Mayo Clinic experts offer update on sudden uptick of hepatitis in children
(ABC 6 News) — Health leaders are tracking a sudden uptick in unusual hepatitis cases among children.
According to the World Health Organization, just under 300 cases have been reported in 20 countries including a few clusters in the United States. Mayo Clinic says the situation is very rare, but it is also monitoring the situation very closely.
Hepatitis is the inflammation of the liver and doctors say the usual virus that causes hepatitis, have not been identified in these pediatric cases. Instead, Mayo researchers say the common adenovirus, which is linked to common illnesses like the stomach flu and pink eye, may be the potential cause of this outbreak.
As doctors work to find a cause, they say many children who got sick were healthy prior to the infection. The majority of the 300 worldwide cases are children under the age of 5.
Given the timing of these clusters, researchers also addressed concerns that COVID-19 vaccines may be connected.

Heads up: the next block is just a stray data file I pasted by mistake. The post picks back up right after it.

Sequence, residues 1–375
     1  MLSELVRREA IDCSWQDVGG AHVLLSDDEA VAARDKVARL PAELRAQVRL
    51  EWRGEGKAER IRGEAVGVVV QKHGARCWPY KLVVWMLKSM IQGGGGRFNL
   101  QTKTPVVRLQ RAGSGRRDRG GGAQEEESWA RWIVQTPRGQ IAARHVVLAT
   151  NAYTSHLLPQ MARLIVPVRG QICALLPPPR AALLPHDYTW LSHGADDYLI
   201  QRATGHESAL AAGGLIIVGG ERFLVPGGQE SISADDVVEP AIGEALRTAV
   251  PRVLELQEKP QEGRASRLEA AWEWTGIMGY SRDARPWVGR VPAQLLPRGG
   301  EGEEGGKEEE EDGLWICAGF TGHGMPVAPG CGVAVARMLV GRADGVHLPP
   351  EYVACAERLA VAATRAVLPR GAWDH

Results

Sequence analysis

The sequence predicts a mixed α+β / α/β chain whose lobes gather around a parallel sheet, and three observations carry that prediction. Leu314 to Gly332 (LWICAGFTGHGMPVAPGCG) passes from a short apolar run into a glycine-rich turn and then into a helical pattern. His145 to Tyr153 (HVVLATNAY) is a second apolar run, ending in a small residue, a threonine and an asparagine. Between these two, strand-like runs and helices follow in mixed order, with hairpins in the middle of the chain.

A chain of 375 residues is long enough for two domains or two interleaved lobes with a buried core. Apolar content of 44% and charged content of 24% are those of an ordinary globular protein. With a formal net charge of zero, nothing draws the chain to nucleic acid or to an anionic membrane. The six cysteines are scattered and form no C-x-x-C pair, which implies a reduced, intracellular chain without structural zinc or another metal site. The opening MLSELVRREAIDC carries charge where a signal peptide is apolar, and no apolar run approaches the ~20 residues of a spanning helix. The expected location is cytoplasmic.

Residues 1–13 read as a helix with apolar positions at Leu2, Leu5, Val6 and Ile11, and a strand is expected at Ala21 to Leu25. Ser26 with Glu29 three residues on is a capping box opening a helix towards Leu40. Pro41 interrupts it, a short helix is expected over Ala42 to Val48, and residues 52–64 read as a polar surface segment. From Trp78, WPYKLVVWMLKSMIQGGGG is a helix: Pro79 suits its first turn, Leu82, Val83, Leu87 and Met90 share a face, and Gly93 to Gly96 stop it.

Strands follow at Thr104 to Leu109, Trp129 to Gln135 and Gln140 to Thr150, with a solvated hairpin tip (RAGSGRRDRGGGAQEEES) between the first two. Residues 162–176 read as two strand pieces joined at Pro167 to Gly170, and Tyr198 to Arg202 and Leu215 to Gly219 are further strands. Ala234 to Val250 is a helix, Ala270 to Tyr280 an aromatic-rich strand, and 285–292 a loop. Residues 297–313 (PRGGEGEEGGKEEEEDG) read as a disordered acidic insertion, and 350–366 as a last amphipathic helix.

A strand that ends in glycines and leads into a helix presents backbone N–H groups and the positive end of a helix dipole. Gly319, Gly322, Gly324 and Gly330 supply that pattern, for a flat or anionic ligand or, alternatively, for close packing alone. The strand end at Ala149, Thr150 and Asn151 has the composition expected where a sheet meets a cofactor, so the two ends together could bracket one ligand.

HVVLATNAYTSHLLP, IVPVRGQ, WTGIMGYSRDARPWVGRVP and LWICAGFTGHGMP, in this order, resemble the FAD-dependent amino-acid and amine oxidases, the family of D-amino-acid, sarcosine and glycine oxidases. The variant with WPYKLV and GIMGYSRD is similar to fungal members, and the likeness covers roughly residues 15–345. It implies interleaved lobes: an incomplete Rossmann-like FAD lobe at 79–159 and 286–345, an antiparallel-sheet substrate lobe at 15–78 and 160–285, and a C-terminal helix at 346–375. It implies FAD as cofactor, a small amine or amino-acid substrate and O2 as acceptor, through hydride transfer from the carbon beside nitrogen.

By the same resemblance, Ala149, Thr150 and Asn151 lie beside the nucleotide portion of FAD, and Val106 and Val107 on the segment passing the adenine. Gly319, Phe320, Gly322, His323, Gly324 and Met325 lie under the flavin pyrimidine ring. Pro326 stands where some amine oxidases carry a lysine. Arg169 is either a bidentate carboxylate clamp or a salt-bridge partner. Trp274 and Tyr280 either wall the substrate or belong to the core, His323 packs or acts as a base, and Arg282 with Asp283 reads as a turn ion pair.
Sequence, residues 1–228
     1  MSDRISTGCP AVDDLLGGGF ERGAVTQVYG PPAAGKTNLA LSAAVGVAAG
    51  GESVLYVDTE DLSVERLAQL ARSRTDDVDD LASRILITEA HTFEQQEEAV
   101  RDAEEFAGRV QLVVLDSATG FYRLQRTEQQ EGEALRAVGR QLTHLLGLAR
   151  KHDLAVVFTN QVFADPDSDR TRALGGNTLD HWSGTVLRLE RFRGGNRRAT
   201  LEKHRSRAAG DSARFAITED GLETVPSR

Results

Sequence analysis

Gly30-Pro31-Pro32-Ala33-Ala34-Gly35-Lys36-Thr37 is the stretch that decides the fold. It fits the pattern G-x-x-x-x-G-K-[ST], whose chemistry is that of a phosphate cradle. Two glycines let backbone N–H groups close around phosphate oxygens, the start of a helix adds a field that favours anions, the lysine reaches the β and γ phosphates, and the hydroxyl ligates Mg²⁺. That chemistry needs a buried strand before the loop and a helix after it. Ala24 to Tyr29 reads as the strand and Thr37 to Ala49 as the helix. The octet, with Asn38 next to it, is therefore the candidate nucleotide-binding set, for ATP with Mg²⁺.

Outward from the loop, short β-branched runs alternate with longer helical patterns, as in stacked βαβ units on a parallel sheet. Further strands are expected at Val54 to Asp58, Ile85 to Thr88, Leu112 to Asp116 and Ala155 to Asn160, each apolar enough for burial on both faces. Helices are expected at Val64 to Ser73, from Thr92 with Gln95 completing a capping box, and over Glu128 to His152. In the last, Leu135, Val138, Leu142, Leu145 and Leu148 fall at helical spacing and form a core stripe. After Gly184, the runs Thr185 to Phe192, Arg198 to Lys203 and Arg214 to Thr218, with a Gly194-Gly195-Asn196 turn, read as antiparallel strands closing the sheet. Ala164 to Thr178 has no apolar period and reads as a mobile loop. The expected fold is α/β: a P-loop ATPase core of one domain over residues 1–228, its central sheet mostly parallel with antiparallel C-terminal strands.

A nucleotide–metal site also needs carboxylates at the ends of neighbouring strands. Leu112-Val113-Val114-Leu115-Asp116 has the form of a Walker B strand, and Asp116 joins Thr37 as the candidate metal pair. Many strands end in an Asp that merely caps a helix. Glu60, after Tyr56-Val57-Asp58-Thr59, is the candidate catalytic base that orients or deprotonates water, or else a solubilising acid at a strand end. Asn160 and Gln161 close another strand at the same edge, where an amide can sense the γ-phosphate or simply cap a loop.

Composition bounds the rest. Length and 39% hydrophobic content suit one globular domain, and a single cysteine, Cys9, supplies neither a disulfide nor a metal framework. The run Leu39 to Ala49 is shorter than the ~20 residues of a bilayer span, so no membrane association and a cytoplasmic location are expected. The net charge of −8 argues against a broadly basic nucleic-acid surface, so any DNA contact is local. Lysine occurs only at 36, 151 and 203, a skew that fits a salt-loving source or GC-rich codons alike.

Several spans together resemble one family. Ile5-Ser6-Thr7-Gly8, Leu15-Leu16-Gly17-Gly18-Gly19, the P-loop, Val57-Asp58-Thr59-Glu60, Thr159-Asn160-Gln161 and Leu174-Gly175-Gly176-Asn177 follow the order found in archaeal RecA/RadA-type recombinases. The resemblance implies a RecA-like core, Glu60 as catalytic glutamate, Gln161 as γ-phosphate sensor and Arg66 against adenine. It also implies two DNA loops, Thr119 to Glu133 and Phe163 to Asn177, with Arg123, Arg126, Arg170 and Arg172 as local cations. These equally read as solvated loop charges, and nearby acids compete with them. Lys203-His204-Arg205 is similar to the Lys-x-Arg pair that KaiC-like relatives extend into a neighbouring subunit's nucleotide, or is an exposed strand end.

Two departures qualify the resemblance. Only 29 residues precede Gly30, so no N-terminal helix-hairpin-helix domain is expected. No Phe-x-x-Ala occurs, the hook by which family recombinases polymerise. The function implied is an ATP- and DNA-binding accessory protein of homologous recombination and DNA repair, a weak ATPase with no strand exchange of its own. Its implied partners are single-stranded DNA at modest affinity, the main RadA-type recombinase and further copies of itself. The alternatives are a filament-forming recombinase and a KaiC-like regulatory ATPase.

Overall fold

"A vast majority of the patients reported by the World Health Organization and many patients that we have reports on here in the Unites States, were under five years of age, so they were not eligible for COVID-19 vaccinations and have not received the vaccinations, so we think that one is highly unlikely," Dr. Nipunie Rajapakse, a Pediatric Infectious Disease expert with Mayo Clinic said.
Doctors say common symptoms from hepatitis that you should look for in your own children include jaundice, which is yellow skin or eyes, dark tea colored urine and pale stool.
If you have concerns, contact your healthcare provider immediately.